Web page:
If you get into an accident with someone driving without insurance protection, you won’t need to lose your cool because your UM will protect you. Without this protection, you would be scrambling to figure out how to cover the costs yourself. 

Bodily injury protection covers all the injury expenses that happen because of an accident. Expenses may include the following: 

  • Medical bills, such as doctor visits, hospital stays, ambulance transportation, and physical therapy 
  • Loss of income from missing work due to injuries 

Uninsured Motorist Property Damage 

Another unfortunate result of an auto accident is damage to your personal property. In other words, your vehicle could be damaged badly enough to not be drivable. The property damage part of an uninsured policy has you covered. 

You may be wondering what happens to items in your car that get damaged. You might be transporting your laptop when an uninsured vehicle collides with you. This may cause less of a financial problem if you have UM. The policy will even cover damage to your personal belongings. 

Now, you may think, “What if I get hit by a driver who flees the scene?” A hit-and-run accident also falls under this category of coverage. 

A car up on the racks for repairs after being involved in an accident - cheap car insurance in Georgia.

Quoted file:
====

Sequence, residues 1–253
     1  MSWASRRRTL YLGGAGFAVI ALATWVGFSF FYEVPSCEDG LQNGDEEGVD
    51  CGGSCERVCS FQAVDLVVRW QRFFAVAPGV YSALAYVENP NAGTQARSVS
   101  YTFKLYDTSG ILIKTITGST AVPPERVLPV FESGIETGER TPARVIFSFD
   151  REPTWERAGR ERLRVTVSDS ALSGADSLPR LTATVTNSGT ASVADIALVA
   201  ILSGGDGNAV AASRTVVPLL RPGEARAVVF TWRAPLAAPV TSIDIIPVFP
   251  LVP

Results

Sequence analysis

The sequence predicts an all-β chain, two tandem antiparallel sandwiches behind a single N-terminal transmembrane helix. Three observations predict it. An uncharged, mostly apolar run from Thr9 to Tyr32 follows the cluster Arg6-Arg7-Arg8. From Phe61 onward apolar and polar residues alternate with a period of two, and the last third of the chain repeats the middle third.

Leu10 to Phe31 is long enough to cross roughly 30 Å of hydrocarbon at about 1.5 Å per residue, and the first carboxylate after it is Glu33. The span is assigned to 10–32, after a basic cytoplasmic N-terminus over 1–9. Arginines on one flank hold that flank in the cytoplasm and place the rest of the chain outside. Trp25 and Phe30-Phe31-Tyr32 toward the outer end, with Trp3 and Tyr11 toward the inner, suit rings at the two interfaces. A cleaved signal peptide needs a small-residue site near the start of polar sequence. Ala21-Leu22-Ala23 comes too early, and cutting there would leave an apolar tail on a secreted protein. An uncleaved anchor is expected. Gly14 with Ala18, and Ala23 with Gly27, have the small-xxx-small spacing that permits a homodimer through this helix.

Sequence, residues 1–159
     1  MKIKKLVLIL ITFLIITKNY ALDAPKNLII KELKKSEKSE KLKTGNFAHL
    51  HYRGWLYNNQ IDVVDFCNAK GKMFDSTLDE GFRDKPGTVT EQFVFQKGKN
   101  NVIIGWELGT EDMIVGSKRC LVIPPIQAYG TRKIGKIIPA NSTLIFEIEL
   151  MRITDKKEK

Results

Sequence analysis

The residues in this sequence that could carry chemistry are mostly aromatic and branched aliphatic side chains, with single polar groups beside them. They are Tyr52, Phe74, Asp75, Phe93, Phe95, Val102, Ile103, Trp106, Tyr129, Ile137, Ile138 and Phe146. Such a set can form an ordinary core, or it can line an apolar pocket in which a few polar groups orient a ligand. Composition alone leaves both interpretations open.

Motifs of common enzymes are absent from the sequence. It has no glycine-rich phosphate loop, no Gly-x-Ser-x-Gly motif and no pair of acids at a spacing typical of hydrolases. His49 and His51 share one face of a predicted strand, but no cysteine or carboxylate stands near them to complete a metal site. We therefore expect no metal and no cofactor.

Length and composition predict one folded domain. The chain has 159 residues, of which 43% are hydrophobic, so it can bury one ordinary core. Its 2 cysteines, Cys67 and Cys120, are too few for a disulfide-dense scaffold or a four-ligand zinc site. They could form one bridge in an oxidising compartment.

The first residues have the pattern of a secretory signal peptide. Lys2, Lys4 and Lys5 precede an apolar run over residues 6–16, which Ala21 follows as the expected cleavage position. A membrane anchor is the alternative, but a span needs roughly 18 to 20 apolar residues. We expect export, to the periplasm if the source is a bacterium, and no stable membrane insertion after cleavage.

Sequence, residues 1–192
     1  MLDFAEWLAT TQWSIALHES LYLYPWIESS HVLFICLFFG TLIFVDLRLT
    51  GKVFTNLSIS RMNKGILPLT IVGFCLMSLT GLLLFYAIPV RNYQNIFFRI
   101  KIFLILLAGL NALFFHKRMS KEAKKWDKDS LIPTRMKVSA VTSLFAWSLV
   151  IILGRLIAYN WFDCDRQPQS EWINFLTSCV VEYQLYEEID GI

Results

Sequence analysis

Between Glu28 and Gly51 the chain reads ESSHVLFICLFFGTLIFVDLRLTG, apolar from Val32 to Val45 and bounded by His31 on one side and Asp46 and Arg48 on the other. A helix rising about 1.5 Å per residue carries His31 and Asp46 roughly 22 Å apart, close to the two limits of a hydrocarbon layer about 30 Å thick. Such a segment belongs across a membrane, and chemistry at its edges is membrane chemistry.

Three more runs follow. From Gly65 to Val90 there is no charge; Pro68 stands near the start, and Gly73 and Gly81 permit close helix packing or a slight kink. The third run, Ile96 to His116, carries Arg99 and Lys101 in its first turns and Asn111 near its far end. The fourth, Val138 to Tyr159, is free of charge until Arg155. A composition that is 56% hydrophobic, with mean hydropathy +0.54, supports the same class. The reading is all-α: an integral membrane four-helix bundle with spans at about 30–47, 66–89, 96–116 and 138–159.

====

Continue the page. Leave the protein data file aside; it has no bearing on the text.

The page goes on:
How Much Does It Cost? 

For the protection, UM is cheap. It costs between $50-$75 per year. The cost is dependent on individual factors, such as your age, gender and driving history, as well as the limits you choose. Purchasing it in conjunction with an auto insurance policy will be cheaper. 

Legal Requirements for Auto Insurance in Georgia 

Georgia state law mandates that all drivers carry the mandatory minimum liability insurance coverage. This protects you from legal problems if you are responsible for an accident that ends in bodily injury or property damage to others. The minimum liability insurance requirements in Georgia are as follows: 

  • $25,000 per person for bodily injury/$50,000 for two or more people per accident. 
  • $25,000 for property damage. 

Is Uninsured Motorist Coverage Mandatory in Georgia? 

Uninsured motorist coverage is not required in Georgia. The only law regarding insurance is that you carry a policy that meets or exceeds the minimum liability protection. Your insurer must at least give you the option to add uninsured coverage to your current policy, though, which is something you may want to consider.  

The number of people who drive without insurance in Georgia is estimated at around 18%, the 7th highest state in the country. This makes uninsured drivers a problem you need to learn how to protect yourself from on the road.  

Advantages of Having Uninsured Motorist Coverage 

There are advantages to having a policy in place that extends beyond mandatory minimum liability insurance. Securing an uninsured motorist policy can help you out tremendously because of the following factors tied to driving in Georgia. 

Rate of Accidents in Georgia